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. Last Updated: 07/27/2016

MEDIA WATCH: Court Makes Sense on Press

There are times when court decisions do not seem to make sense to a layman. Remember the O.J. Simpson trial? The law is an arcane field in which professional battles professional these days, as opposed to right battling wrong. But Russian courts have recently made several decisions that make perfect sense to a non-lawyer, and both concern the media.

High-priced, high-powered lawyer Mikhail Barshchevsky, who had never lost a libel case before, did not save Anatoly Chubais from defeat at the hands of investigative journalist Alexander Minkin. Chubais sued Minkin for saying in an interview with Ekho Moskvy radio that the then-first deputy prime minister had accepted a veiled bribe from Uneximbank in the form of a $90,000 book advance from a publishing house associated with the bank.

No amount of clever legal maneuvering by Barshchevsky could alter the facts in the case. The book had not been written by the time the advance was paid; when pressed to do so, Chubais presented the court with a short manuscript that he said was his part of the book, but the manuscript did not contain any insights or sensational revelations that could be valued at $90,000; therefore, the money paid to Chubais was not really a book advance. It was not up to the court to decide whether it was a bribe, but the court refused to penalize Minkin for saying it was.

No one in his right mind would believe that Chubais was actually paid for his future literary efforts. Minkin, who is argumentative and opinionated, was not in this case going off on some tangent. He was talking from a position of common sense. The Presnya court, which threw out Chubais' case, rejected the theory that to be accused of bribery in the media, a person must first be convicted of it by a court of law. You might expect a judge to defend that theory because a judge is more likely to trust another judge's opinion than a journalist's statement. But Judge Irina Kupriyanova, like Minkin, clearly took a position of common sense. If a journalist can prove his accusations, there is no need to wait for a conviction before saying an official is corrupt.

Another Moscow court, which earlier this year dismissed former Justice Minister Valentin Kovalyov's suit against the monthly Sovershenno Sekretno, also rejected all sorts of filibustering by Kovalyov's lawyers. The former minister insisted on expert examinations of videotapes, stills from which the monthly had published, depicting Kovalyov frolicking with naked women in a sauna. According to the plaintiff, the tapes were computer montages.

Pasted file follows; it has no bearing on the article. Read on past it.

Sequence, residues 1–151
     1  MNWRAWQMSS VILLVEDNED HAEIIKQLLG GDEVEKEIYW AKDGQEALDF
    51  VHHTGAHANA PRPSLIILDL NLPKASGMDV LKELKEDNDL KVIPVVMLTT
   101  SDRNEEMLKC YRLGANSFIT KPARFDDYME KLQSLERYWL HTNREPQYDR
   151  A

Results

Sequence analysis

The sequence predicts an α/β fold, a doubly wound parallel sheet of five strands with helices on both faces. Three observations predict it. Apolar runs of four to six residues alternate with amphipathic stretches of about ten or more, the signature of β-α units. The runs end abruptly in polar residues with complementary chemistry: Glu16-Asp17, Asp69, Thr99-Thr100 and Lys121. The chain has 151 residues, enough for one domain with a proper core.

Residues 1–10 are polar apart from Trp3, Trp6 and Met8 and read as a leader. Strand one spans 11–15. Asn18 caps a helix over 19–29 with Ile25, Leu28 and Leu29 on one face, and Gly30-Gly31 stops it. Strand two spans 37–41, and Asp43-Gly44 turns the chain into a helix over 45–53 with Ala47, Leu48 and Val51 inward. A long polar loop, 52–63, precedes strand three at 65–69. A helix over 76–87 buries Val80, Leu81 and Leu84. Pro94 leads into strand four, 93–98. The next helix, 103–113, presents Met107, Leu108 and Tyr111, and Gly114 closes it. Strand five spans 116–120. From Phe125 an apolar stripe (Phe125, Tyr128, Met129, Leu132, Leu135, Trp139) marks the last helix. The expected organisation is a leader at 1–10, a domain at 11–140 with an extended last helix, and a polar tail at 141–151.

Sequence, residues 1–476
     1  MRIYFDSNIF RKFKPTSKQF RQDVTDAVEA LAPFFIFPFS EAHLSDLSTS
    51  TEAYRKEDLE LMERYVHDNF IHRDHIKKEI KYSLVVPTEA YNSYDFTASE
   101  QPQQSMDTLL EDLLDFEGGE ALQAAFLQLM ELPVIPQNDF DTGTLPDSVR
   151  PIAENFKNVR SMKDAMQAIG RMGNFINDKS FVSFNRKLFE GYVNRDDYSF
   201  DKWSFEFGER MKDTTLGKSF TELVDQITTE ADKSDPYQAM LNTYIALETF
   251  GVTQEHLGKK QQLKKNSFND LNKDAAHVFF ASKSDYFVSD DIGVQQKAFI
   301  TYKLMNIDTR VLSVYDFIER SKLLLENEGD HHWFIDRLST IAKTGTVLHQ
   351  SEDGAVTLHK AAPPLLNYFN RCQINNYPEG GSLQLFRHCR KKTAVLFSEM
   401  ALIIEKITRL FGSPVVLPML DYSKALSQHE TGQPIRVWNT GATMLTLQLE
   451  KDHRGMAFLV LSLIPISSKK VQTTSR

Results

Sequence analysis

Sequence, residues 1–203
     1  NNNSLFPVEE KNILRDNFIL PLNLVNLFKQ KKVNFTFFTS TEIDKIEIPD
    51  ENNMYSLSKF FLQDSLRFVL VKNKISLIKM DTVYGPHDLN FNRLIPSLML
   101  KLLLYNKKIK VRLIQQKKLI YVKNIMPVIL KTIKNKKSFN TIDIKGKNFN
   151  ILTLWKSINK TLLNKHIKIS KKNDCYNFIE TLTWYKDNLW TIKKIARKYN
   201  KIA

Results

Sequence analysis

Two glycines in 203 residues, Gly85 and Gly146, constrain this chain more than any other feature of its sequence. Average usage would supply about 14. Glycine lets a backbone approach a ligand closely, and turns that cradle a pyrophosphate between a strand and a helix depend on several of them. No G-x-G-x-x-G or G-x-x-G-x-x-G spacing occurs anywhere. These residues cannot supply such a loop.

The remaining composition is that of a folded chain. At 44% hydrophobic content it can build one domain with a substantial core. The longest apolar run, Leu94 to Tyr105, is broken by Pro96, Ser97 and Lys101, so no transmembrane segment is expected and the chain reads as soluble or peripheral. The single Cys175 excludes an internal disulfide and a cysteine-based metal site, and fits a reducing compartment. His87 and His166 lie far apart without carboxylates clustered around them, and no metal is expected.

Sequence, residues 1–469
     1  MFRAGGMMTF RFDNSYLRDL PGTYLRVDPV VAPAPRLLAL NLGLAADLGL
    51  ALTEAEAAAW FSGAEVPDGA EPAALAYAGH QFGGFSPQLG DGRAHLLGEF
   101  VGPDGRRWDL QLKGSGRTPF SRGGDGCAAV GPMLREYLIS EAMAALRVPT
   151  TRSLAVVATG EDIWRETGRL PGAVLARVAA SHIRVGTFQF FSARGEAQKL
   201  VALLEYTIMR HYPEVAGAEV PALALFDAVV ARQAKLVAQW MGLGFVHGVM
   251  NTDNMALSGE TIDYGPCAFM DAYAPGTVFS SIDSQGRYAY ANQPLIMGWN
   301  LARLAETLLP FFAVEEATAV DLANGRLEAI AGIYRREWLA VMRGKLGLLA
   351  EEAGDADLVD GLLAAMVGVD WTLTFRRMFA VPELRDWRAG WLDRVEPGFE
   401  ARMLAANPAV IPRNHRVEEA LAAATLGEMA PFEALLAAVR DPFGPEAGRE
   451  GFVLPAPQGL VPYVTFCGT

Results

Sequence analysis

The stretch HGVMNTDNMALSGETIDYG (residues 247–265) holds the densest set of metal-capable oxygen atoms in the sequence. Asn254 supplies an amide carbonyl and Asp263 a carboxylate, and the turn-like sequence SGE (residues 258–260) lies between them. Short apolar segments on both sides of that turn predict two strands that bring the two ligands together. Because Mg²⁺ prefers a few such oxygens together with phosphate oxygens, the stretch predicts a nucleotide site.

Kovalyov is a lawyer, so he should know how to present a case in court and at least make life difficult for his adversaries. But the court refused to let him do that. It goes against common sense to imagine some mad scientist sitting in his laboratory generating computer images of Kovalyov chasing prostitutes. The scenes looked just too real.

And then last week another court said the daily newspaper Noviye Izvestia had to change its logo because the one it was using was too close in appearance to the one used by the daily Izvestia. Noviye Izvestia's management team consists of refugees from the "old" Izvestia, who had left the paper when it was taken over by Uneximbank and LUKoil. For some reason they decided they could take the logo with them and defend the move in court.

Noviye Izvestia's arguments would have convinced a newspaper designer.

These guys are sticklers for pixels, font sizes and margin widths. The logo, the paper's representatives said, used a font without serifs; it was also done in a different color, and the first and last letters of the word Izvestia were bigger than the rest. The judge, however, was not a newspaper designer. No one can deny, just looking at the two logos, that they are very similar. And that looked bad to the judge.

Of course, Chubais and Noviye Izvestia are appealing the court decisions.

Who knows what the higher courts will do. Defense lawyers say courts above the district level are more responsive to technical arguments. But I think we laymen have every reason to applaud the district judges who have made the decisions. I am not saying courts should base their decisions on common sense rather than law books. But I think in cases as obvious as the three we have discussed here, people who are clearly in the wrong should not have the sheer gall to sue or, in the case of Noviye Izvestia, let the case reach trial. They should have the courage to admit they've done something wrong. And they should apologize and accept punishment.